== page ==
Private companies which have taken over the delivery of public services are among some of the best employers in the UK, and it is a myth that public service workers prefer to be employed by the state, according to a CBI report.
The report, Working together: Embedding good employment in public services, shows that employees can benefit greatly from transferring from public to private sector to because of better performance management and increased opportunities for promotion.
All government contracts, and the organisations that fulfil them, should have employment practice as a top priority, the report says, warning that public, private and voluntary providers that do not, should not be awarded them.
The CBI also warns that public sector clients must share responsibility for ensuring good employment practice in public services contracts when they are negotiated.
Failure to do so will result in poor outcomes as only an engaged, motivated and properly trained workforce can deliver effective, high-quality public services, it says.
John Cridland, CBI deputy director-general, said: “For most public service users, contact with an employee on the front line in the classroom, the hospital ward, or the council office determines how they feel about their public service experience.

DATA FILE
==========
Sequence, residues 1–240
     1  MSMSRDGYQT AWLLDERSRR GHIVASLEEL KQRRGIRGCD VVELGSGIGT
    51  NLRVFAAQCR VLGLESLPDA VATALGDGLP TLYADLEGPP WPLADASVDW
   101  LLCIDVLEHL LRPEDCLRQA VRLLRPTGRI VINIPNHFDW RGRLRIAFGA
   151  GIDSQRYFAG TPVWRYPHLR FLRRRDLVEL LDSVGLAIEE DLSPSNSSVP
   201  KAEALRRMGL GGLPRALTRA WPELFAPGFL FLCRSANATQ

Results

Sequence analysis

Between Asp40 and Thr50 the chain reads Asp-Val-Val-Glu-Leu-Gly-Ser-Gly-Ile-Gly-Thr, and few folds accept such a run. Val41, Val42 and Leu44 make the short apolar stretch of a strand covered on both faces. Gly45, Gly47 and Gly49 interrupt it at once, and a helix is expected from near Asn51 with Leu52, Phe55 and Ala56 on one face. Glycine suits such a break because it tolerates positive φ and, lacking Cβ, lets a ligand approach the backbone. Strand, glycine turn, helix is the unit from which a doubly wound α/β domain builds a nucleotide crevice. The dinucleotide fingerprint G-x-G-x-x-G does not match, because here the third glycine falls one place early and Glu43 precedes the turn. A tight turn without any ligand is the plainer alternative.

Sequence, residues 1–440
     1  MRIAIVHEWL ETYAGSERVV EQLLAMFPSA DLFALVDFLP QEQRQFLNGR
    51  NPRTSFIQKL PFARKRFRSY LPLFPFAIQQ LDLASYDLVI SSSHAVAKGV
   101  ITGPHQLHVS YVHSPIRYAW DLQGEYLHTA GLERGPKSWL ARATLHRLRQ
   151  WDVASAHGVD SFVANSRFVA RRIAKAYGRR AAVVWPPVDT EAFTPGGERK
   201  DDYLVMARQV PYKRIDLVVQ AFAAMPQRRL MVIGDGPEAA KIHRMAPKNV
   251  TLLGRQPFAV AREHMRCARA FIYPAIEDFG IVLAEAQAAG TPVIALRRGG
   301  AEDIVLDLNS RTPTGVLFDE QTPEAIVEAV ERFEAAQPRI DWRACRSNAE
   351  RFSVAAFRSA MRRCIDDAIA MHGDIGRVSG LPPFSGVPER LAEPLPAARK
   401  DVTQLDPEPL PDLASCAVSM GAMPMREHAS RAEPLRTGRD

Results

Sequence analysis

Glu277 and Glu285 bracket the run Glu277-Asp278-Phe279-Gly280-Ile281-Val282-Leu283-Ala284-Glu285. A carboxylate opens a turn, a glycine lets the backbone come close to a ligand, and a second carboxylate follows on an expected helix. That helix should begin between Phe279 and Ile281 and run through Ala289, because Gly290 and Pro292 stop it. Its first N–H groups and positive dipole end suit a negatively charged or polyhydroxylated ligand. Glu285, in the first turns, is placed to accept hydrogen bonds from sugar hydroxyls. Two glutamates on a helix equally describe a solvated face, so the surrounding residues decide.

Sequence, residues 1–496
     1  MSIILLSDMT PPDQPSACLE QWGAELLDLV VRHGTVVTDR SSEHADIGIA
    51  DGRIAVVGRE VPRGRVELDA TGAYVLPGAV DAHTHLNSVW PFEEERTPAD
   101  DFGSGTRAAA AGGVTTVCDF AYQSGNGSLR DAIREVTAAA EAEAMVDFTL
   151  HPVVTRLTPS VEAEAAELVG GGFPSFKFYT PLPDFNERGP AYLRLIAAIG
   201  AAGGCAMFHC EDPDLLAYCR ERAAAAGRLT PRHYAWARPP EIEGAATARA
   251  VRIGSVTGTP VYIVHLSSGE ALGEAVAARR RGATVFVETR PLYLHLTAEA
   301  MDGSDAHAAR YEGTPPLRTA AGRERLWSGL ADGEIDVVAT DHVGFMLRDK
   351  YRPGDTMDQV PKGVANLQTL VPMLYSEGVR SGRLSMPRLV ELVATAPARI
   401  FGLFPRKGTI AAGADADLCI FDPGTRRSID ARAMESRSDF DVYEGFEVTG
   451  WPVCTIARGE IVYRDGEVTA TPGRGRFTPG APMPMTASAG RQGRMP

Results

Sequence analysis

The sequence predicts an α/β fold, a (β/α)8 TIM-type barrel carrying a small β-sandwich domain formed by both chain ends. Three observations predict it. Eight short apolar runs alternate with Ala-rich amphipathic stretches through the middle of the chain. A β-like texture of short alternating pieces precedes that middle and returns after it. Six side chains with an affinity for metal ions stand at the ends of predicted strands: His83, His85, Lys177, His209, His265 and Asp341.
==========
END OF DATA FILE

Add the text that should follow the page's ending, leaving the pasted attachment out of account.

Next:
“This report shows that modern employment practices and improved performance management brought in by the private sector can unlock the potential of our public servants and help deliver the excellent services the public wants and deserves. It also exposes the myth that public service workers prefer to be employed by the state.”
The report offers 10 guidelines on public services employment practice;
- Public sector clients and service providers have a shared responsibility for good employment practice. The public sector should always partner with providers committed to good employment
- Employees should be involved in the procurement process to help ensure that any transfer of staff, and the subsequent operation of the contract, are successful
- Effective performance management is needed to drive improvements in service delivery. Public service employees must have clear objectives and appraisal
- Good absence management ensures a reliable service for users and fairness for employees, and should be required of all employers
- Employers should train and develop all employees. Government agencies should recognise the legitimate cost of training when awarding contracts
- Providing opportunities for promotion based on merit motivates employees, and these opportunities must be open to all staff
- Consulting and involving staff on an ongoing basis is integral to improving service delivery, as employee satisfaction is related to customer satisfaction
- TUPE, the two-tier code and Cabinet Office guidance must be honoured
- Employers and employees have a shared responsibility for pension provision. Transferred employees should not lose pension benefits, and new recruits must be offered a reasonable pension
- Respecting diversity is important for both employee relations and for service delivery.